--- Freminlins <[EMAIL PROTECTED]> wrote:

> On 06/09/06, White Hat <[EMAIL PROTECTED]>
> wrote:
> >
> >  I have
> > tried Open Office. No matter what anyone says, it
> is
> > just not as full featured as Word 2003. It is not
> even
> > close.
> True, but also compare the cost. Not even close...

Immaterial. the singularly most important feature is
suitability to task. If it is free and it does not
work, what good is it?

> He/she does
> > not want to read tons of manuals and spend hours
> in a
> > frustrating attempt to get it to run.
> This is where you are completely wrong. I work for
> an ISP. I'm not
> responsible for tech support but I keep my "ear to
> the ground". A VERY large
> number of callers have problems configuring Outlook
> Express, for example. No
> matter what the polls say, the experience is often
> very different. They may
> not read the manuals (because they are no longer
> supplied), they just ring a
> call centre instead.

Yes, the lack of documentation is a shame. Usually it
can be obtained for an additonal cost which I suppose
is better than nothing. The same lack of documentation
plagues every facet of software today. Of course, it
has been a boon for the after market book manual
publishers. BTW, you have failed to document so called
help line assistants who are nothing more than company
mouth pieces who have at most a superficial knowledge
of the product that they are suppose to be assistant a
customer with. I had the experience of talking with a
customer support moron who tried to sell me a new
router while I attempted to explain the router was
fine, but the installation CD was defective. I
eventually just sent it back for a replacement.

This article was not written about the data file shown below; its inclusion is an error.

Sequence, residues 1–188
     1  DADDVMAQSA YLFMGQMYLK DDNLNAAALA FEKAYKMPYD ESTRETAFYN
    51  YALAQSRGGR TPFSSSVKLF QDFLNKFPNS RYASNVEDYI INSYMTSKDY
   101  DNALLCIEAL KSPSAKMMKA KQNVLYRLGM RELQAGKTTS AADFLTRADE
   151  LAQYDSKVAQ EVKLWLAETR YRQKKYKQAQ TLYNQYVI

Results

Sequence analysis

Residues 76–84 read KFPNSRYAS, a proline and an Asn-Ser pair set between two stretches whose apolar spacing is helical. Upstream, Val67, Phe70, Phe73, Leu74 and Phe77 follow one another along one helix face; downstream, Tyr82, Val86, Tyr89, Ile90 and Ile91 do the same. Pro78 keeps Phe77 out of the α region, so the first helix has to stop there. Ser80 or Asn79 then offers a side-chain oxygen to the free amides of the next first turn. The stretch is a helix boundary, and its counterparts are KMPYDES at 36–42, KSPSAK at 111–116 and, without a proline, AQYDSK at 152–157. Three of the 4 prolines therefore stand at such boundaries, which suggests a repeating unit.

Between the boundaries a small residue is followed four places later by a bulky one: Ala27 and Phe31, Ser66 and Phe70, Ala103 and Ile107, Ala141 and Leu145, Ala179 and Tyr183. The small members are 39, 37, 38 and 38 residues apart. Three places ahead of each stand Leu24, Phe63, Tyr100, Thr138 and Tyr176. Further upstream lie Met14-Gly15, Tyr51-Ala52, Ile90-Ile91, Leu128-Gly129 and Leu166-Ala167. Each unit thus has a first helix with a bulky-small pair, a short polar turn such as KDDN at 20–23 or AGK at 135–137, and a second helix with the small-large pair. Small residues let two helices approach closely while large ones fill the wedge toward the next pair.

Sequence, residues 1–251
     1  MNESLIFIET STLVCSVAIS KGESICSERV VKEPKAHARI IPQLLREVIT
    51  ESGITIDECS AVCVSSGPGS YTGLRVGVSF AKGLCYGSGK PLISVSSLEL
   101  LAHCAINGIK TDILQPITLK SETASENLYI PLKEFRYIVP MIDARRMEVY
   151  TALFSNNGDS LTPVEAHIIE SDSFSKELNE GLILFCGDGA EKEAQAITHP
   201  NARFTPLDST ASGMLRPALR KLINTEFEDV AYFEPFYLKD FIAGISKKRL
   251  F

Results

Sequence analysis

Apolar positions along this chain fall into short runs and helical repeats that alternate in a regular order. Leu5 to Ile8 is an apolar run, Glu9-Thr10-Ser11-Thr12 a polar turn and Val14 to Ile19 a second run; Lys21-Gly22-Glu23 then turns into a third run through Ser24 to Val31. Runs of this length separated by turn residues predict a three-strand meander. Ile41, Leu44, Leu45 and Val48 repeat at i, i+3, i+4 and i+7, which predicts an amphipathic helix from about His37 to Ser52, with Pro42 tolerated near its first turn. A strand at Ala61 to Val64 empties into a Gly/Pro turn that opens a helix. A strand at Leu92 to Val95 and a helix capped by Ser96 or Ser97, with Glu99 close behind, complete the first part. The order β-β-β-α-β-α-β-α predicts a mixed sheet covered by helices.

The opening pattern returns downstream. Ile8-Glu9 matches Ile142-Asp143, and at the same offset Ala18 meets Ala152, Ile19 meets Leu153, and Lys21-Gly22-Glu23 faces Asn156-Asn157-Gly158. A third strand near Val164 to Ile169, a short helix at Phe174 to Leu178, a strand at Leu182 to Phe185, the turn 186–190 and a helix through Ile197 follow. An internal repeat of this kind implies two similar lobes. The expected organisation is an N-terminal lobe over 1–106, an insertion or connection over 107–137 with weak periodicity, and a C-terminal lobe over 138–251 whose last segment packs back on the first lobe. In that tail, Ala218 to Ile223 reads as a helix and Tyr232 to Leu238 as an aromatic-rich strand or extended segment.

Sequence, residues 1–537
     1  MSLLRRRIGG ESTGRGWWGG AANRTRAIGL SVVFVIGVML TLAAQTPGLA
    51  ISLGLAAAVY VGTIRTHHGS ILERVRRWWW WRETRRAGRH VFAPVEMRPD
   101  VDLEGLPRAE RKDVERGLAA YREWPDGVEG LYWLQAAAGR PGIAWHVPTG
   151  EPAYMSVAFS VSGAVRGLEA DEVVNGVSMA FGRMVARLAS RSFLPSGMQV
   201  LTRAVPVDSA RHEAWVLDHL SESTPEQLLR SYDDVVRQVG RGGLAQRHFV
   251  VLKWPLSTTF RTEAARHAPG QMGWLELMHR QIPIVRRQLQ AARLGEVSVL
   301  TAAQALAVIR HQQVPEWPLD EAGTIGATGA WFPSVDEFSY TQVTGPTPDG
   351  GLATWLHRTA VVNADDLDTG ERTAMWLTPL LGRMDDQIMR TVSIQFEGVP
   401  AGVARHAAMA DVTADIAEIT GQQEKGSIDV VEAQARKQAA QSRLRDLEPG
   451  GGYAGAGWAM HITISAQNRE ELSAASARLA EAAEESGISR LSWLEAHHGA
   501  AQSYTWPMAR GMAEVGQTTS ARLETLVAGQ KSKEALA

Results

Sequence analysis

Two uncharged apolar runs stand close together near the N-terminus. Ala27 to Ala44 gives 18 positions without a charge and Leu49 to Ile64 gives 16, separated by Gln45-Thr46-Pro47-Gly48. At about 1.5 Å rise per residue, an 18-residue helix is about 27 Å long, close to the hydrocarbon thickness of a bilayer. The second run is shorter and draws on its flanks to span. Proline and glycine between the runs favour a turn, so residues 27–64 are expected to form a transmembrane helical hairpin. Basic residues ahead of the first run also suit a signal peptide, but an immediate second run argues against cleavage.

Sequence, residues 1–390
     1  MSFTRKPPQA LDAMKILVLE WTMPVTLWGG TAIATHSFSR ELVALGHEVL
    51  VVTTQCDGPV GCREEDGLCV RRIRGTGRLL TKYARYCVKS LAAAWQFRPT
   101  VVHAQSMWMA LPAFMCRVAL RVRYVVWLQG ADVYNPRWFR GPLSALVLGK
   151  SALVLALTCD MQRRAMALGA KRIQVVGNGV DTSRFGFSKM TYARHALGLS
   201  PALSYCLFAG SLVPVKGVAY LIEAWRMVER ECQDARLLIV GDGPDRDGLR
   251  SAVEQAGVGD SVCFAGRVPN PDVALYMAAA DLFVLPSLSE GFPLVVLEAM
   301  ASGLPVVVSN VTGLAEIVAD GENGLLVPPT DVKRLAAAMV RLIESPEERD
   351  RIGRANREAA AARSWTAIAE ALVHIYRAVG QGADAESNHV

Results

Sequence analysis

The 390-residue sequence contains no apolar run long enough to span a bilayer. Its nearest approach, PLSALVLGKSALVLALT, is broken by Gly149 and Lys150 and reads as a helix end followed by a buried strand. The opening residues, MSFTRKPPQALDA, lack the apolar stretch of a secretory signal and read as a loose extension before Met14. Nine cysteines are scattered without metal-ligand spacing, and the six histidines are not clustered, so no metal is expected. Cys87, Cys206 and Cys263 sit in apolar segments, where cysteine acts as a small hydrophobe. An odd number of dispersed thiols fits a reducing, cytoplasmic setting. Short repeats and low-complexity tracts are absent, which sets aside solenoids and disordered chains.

Usually these individuals are barely equipped to
handle the job they are given.

However, you have made my point. If a user cannot
decipher how to configure a simple thing like Outlook
Express, and there are programs available that will do
it for them, then how are they suppose to be capable
of handling a CLI OS like FreeBSD? It boggles the mind
-- at least mine. Worse, the configuration of OE is
handled by a wizard. It is truly sad when a user
cannot configure something when it is simplified down
to that level.

> The average user
> > does not care about configuring firewall, AV or
> > Spyware, etc. Just drop in a copy of ZA with
> perhaps
> > Sunbelt's Counter Spy and they are on their way.
> That's one statement contradicting the other.

How? Drop in two CDs or download the programs, run
them and case closed. Neither one requires any
significant configuration. The defaults work just fine
for most users. You could eliminate the Counter Spy
since ZA has its own proprietary SpyWare program, but
I just happen to prefer Counter Spy.

BTW, if MS actually does market it 'One Care' program
suite, that might even obsolete that entire process. I
don't think they will offer it with the OS though. Too
much of a chance the government will protest.
Personally I believe a company should be allowed to
market its product anyway it wants without government
intervention; however, that is entirely another story.


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